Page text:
Figure 1 shows these rates and parameters for the GLES post-election cross-sectional survey. The black bars show the proportion of conducted interviews on the gross. Clearly, the proportion of interviews conducted continuously increased until week nine. The blue line shows the proportion of target persons (cases) with a contact attempt. Ideally, this line would quickly increase, approaching 100 percent, which would indicate that all addresses are processed at an early stage. However, fieldwork of GLES started rather slow: By week five, 82 percent of the target persons had been contacted in person at least once. The green line shows the proportion of finalized cases on the gross sample. Ideally, this line should be 100 percent at the end of the field period. This would mean that all addresses are finalized and that there are no more addresses with the status “work in progress”. In the case of the post-election cross-section of the GLES, this line only reaches 75 percent in week eight and 87 percent in week nine, which is sub-optimal. However, the relatively low rate can be attributed to the necessarily short and restrictive data collection period.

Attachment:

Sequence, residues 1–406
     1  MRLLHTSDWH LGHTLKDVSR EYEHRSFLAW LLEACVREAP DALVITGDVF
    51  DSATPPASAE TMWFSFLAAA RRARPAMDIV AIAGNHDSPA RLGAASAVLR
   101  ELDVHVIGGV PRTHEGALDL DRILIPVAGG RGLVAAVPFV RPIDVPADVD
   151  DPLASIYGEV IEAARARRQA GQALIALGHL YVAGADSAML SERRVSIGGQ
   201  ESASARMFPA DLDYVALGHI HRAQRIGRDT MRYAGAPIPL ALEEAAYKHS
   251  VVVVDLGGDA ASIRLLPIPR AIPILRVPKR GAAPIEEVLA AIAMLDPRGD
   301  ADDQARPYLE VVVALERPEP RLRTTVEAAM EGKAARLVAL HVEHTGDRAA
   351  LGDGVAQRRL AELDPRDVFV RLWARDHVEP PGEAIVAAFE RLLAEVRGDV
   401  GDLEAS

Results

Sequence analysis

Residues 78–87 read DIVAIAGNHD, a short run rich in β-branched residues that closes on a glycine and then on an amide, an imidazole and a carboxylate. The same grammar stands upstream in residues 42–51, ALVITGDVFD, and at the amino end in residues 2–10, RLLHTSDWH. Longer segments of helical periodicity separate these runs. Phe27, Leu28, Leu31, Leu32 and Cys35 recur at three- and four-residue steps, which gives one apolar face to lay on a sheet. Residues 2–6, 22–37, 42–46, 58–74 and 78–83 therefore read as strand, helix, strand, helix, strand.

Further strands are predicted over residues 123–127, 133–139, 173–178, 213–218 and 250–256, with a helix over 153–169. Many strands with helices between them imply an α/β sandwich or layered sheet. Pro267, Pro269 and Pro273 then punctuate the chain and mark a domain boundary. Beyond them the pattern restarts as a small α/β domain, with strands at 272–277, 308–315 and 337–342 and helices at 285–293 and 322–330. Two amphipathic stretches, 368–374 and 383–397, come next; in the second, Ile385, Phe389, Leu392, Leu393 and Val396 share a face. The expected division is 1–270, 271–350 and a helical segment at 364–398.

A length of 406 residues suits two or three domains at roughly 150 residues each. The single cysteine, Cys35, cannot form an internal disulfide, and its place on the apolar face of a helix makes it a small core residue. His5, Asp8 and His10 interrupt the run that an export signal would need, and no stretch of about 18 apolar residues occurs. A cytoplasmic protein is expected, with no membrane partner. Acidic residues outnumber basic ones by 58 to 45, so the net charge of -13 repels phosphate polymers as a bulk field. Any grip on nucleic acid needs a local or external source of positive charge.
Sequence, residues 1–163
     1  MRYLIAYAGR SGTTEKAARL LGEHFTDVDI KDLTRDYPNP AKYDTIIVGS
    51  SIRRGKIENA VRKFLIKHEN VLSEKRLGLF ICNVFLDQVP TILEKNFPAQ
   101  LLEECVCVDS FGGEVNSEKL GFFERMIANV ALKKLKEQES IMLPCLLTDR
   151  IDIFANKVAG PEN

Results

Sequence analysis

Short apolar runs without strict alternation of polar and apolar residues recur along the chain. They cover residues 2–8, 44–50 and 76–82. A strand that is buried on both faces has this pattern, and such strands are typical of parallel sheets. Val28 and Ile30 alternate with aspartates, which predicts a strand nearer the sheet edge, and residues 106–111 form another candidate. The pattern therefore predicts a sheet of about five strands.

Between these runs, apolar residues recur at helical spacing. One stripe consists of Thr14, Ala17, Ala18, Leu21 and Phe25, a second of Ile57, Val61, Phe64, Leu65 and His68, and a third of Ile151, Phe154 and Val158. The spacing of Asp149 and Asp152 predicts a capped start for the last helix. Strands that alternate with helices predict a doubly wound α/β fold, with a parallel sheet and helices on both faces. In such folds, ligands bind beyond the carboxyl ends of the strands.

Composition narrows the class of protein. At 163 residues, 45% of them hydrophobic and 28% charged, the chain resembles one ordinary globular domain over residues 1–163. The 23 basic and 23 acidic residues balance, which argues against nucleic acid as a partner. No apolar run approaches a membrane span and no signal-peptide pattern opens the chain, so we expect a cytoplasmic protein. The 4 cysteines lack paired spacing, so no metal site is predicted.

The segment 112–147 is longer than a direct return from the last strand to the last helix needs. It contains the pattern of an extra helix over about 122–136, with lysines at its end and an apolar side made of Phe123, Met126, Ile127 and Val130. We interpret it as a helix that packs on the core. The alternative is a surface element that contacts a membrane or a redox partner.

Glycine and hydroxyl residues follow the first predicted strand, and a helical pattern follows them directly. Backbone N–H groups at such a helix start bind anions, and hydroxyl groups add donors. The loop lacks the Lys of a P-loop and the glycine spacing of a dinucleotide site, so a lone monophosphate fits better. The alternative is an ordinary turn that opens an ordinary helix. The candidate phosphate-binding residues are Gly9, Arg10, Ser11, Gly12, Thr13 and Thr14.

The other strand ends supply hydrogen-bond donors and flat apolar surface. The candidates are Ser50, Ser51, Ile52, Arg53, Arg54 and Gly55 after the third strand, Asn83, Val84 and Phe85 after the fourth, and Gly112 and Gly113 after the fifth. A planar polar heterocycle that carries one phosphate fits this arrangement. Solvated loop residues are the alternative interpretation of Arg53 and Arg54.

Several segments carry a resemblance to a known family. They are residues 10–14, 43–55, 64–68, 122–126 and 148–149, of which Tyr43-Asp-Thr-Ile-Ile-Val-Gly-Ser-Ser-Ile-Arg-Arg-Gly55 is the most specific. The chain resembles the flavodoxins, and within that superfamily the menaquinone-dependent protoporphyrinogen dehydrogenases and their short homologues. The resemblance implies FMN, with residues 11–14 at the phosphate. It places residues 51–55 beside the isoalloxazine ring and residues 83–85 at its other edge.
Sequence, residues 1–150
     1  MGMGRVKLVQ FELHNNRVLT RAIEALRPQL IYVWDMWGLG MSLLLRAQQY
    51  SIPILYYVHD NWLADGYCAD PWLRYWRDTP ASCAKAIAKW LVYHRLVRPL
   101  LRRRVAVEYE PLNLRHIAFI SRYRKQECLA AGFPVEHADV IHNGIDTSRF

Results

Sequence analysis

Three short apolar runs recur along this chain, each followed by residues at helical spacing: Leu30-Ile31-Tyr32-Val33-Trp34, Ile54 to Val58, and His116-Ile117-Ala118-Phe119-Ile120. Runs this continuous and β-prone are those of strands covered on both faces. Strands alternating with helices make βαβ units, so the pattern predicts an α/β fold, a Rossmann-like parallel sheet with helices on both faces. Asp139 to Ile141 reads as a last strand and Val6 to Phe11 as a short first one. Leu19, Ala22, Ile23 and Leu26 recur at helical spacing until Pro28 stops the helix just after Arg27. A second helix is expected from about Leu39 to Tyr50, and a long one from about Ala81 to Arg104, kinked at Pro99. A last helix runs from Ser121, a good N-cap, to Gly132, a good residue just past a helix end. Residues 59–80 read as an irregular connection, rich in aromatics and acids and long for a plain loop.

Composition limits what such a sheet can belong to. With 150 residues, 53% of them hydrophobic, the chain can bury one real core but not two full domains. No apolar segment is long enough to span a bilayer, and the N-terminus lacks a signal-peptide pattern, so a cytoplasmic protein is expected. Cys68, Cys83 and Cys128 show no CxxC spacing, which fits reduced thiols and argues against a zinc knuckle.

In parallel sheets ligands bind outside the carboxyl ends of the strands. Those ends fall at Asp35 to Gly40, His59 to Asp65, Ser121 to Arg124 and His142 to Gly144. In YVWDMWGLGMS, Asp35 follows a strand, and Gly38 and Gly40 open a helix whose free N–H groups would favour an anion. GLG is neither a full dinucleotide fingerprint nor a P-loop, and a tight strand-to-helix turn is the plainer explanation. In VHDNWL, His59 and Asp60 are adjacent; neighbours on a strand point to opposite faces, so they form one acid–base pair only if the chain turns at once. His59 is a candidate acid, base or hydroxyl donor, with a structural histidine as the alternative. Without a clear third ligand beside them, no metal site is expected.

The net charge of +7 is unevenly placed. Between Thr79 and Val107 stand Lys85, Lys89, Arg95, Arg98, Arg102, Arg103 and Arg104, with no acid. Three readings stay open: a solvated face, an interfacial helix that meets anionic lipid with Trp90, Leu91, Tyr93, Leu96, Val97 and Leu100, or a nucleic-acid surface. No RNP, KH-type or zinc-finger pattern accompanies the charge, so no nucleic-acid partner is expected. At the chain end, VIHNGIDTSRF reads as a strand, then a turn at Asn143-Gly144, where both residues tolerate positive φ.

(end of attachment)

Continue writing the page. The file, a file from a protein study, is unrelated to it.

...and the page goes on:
These parameters give an overall indication of progress during the fieldwork period. Yet, this data cannot differentiate between regions where things are going well and where they run poorly. Here, the weekly status reports can be evaluated at the federal state level to calculate identical rates at that level[1], as shown in Figure 2.

Figure 2: Indicators of the Current Fieldwork Monitoring Differentiated by Federal States

Considering the proportion of completed interviews on the gross sample, Saxony-Anhalt (18 percent) performed noticeably worse than the other states. Bavaria, Brandenburg, Rhineland-Palatinate, Schleswig-Holstein, and Thuringia finished with much better results (28-30 percent). A closer look at the blue lines in Saxony-Anhalt and in Brandenburg and Thuringia shows that the field start was quite slow in these states. The green line furthermore shows the proportion of finalized cases on the gross. Only a slowly rising line can be observed in North Rhine-Westphalia, Saxony, and Saxony-Anhalt, which means that many addresses remained unprocessed until the end of the field period in week nine, even though the interviewers’ assignment would have been to finalize all cases at the latest until the end of the field period.